I have no idea what the provenance of the song is (it involves Squirrel Nut Zippers and a very scratchy recording), but it’s understated and Debbie Davis’s version captures some of the contented bounce that McCartney-style romps are famous for, but with just a little more heart.
Cascabel, Cascabel – Beatriz Márquez♫
consider playing when you need a break from:
Feliciano’s Feliz Navidad
Latin Christmas music is wonderful – and there’s so much out there. When I was growing up, I didn’t get this; it seemed like Feliz Navidad was the only latin-influenced Christmas song ever made, and even then, it was helpfully mostly in english. In today’s digital music era, it couldn’t be easier to explore the world beyond Feliz Navidad, the Tijuana of Christmas music. Cascabel, Cascabel is a Cuban-latin take on Jingle Bells that gets absolutely pinned to my brain each Christmas – and that’s a good thing. Give it a shot.
When it comes to duets, yes, Baby It’s Cold Outside is a fine work (though with lyrics that include “the answer is no”, “what’s in this drink?”, etc., it might sound just a bit strange to modern ears). As nice a duet as it is, it can be topped: you just can’t beat Billie Holiday’s voice working in concert with a gravelly jazz trumpet. She can take a song about watching icicles form and make it magic.
This one is an alternate take on the “we’re having delirious fun!” song, usually occupied by Sleigh Ride during Christmas (and by Walking on Sunshine during the rest of the year). There is so much to love about this track – Nat’s voice, the “hey and a hee and a ho-ho” intro, and the “ooohhhh…,” lead in. Bonus points for a fantastic rhythm guitar line. And if you’ve heard all of the kid-oriented Christmas songs a few too many times, this track might be a welcome respite. Send Frosty and Rudolph to the bench for a few plays, and let a manic Christmas tree take over. Hard not to smile after this one.
Yes, it’s a classic song, with an admittedly classic delivery from the King – but everybody needs a change in perspective sometimes. Every fourth our fifth play, slip Tammy’s version in there. Attributes include: the perfect country voice, a great slide guitar and some subtle changes in orchestration that make it about 25% bluer than Elvis’s. (After all, how sad can you be when chorus girls are singing “woo-hoo-ee-oo!” behind you?).
Like Elvis’s Blue Christmas, I wouldn’t forgo Vince Guaraldi’s Linus and Lucy for anything – it’s a holiday staple. But if you’ve heard it a few times more than is healthy – let’s just say your two-year old was given a Christmas ornament that plays only the opening piano riff, and she really, really loves it – you may be seeking an alternative. The Trio’s take on Greensleeves always gets me, especially the flourish they add after the famous refrain that just takes off into another world.
A simple rule: when you mix a little sadness into a song with holiday sentiment, you get something very potent. As many people know (or rediscover each year) there are two versions of this song. The first is a sad, steadfast look to the future, grounded in an imperfect present. As written for Meet Me in St. Louis, it was originally the song ofa mother doing her best to convey optimism to her child during a bleak holiday. A few years later, Frank Sinatra decided it was too depressing to put on his holiday record, and had it punched up into something broadly “nice.” The edits stuck, and the happier lyrics are the ones you’ll hear 90% of the time this song is played today. I strongly prefer the original “muddle through” version (which is coming back into favor) instead of the more prominent “hang a shining star” variation. And though it’s been covered by many wonderful male singers, the song is at its best when sung by a female voice, to find its innately maternal quality. For me, it boils down to the original (by Judy Garland) or Betty Bennet’s take. I like the latter – it captures the song’s earliest sentiment in perfect repose.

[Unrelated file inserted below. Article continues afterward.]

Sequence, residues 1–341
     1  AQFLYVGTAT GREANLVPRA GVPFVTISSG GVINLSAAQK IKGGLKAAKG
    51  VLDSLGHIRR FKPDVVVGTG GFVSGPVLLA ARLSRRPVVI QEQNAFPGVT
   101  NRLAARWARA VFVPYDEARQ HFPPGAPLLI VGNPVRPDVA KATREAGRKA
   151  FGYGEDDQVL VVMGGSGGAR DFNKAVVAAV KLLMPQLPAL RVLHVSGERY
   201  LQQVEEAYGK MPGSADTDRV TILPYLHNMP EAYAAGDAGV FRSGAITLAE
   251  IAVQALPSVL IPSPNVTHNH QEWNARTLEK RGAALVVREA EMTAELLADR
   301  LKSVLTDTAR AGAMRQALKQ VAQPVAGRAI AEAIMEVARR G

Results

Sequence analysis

Bing Crosby will always be a first-ballot Christmas hall of famer. But just in case you’ve spent decades passively absorbing all things Crosby during the holidays, it’s wise to take a break every now and then. White Christmas, before you’ve heard it –infinity– times, is really about reflection. It’s about the end of the evening, when everything is quiet and perfect and still. Maybe everybody is sleeping, and you’re up with slippers on and a scotch in hand, feeling content and nostalgic, watching the fire. Then, magically, a few flakes start to fall outside. I’ll take the Ramsey Lewis Trio’s subdued interpretation of Santa Claus is Coming to Town every time to compliment that scene. I don’t think Bing would mind.
If you’d like to hear these songs as a playlist, you can do so here. And of course, all these songs and many more great ones are on my Xmas Blend Spotify Playlist. Here’s to a holiday spent savoring music, familiar and new alike.